Racks and knob-encrusted modules and wires tangling together to make sound – this is a perfectly lovely thing. But the computer sitting in front of you, the one you probably turn to when it comes time to record and produce, is also capable of vast sonic powers. Why force a choice between the two, when that machine can let you explore the frontiers of sound, too?
The recent announcement of OSCiLLOT brought open-ended patching to Ableton Live users. But it’s only getting started. Today, we get to see it evolve, learn to use it to make the sounds we imagine, find out about the development process, and better understand why it matters.
And now is the perfect time, because OSCiLLOT’s creators have been busy beefing up the system they just unveiled. For starters, there’s a new tutorial video to teach you how to use it (top). And, you get two new modules: a comb filter, plus a terrific feedback module that lets you route sound back into your modular rig. (I’m especially pleased about that, as I was getting muddled coming from Pure Data/Pd, in which feedback loop routing works differently. Well, and because generally feedback is great fun.)
OSCiLLOT versus Max 7. First off, let’s clear up some confusion. Cycling ’74′s Max/MSP recently brought its own modular environment to the table, entitled BEAP – the feature I called one of the best reasons to upgrade to Max 7. And so some readers assumed that this means OSCiLLOT is redundant. It’s not. If you’re using Max directly for patching, BEAP is still a great environment – one that can help you learn modular synthesis techniques, make some great sonic creations, and connect to outboard gear.
But OSCiLLOT isn’t BEAP. BEAP is a great learning tool, but it’s not so great when it comes to using Max inside Ableton Live. BEAP is monophonic, for one thing; OSCiLLOT gives you polyphony, which makes more sense on a computer. And – here’s the deal-killer – you can’t patch BEAP live when you’re working with Ableton Live. (You have to enter edit mode – and at that point, you’ve lost a true modular feel.)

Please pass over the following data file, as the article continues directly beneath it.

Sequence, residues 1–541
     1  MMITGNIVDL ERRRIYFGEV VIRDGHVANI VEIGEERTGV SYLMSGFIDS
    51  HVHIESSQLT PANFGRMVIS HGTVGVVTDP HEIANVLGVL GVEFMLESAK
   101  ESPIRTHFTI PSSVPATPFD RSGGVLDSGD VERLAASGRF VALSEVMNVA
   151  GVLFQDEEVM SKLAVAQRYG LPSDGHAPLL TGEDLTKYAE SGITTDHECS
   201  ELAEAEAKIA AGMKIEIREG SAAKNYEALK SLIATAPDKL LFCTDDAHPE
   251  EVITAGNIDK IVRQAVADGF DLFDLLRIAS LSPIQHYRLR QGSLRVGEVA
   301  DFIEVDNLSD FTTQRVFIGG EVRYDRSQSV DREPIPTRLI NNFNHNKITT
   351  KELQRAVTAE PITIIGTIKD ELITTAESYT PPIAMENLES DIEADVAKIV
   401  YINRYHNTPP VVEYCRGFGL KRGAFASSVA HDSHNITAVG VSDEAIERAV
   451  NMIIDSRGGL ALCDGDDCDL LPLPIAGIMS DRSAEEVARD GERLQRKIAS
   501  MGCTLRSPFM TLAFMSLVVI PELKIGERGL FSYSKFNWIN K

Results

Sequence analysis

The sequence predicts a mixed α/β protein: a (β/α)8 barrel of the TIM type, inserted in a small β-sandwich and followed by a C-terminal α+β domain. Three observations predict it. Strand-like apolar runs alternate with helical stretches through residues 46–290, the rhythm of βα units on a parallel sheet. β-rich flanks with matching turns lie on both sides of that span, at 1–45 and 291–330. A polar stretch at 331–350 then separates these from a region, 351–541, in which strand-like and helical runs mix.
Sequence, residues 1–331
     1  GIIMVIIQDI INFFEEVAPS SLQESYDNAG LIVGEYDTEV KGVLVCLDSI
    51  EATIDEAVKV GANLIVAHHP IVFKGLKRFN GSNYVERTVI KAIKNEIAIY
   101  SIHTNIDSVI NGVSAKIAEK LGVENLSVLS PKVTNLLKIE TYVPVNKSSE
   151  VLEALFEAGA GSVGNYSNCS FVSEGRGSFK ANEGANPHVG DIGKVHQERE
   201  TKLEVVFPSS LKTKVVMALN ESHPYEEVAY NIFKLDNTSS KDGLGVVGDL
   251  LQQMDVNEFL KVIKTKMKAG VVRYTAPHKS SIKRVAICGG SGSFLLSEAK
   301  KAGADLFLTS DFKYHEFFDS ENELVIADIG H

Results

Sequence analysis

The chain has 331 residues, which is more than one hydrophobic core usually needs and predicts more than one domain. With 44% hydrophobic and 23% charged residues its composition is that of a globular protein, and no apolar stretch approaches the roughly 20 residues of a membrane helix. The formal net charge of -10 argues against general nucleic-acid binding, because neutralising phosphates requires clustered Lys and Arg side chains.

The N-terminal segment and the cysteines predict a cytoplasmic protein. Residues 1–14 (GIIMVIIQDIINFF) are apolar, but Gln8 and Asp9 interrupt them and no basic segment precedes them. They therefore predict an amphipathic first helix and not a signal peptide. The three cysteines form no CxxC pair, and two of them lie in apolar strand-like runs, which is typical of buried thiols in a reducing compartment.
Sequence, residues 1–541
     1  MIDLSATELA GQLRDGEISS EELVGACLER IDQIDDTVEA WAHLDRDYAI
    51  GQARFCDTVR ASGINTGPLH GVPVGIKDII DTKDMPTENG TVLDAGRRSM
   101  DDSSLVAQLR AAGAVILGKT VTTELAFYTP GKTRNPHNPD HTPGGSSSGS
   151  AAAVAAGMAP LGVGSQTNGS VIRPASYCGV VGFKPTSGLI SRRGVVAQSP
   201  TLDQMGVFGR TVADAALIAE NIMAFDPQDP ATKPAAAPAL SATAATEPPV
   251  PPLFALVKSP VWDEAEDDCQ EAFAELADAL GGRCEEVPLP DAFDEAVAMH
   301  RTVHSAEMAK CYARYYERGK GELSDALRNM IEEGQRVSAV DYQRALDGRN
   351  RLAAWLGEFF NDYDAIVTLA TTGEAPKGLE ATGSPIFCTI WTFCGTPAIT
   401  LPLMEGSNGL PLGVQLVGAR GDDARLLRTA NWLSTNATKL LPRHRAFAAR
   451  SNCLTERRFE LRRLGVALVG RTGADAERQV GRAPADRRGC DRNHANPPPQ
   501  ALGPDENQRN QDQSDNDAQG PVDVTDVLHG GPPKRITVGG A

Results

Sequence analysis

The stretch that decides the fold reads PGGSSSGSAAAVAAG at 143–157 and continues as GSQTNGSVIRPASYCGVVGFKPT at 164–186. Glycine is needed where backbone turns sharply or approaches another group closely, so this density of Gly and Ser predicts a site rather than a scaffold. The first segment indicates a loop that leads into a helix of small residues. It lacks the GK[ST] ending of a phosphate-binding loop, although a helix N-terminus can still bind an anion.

OSCiLLOT, its creators tell CDM, is really built to be a modular instrument running inside Ableton Live. Not only does it support full polyphony, but you can even re-patch your creations as you play inside Live. That makes this much closer to the software equivalent of having physical modules and patch cords, and it transforms OSCiLLOT into a spiritual successor of beloved musicians’ instruments like the now-defunct Nord Modular. (The Nord was specifically an inspiration for the creation of OSCiLLOT, for any of you missing that hardware.)
Co-creator Nico Starke notes that the philosophy of OSCiLLOT is a bit different, as well, architecturally speaking.
I think Oscillot is indeed more tailored to making music. One aspect that is maybe not so obvious at first glance is that many BEAP modules are very large, which makes it a bit tricky to navigate around in a larger patch. Oscillot modules are a bit more optimized in that regard.
By the way, in the end, Nico notes it’d be nice to use BEAP and OSCiLLOT together. If you’re listening, [BEAP creator] Stretta, we’d love to see interoperability here! (Stretta’s talents in the Max and monome communities are incredible, by the way – search for his name and you’ll see what I mean. A Stretta – Nico – Christian team-up is basically a dream team. Anything we can do…)
How it was built. Making OSCiLLOT work this way inside Ableton was a big engineering challenge. “After we had the rough framework working,” co-creator Christian Kleine tells CDM, “the big challenges were the undo system and GUI performance.” That’s right – you get undo. You can learn more about how the product was engineered in an extensive interview Max for Cats posted to their site: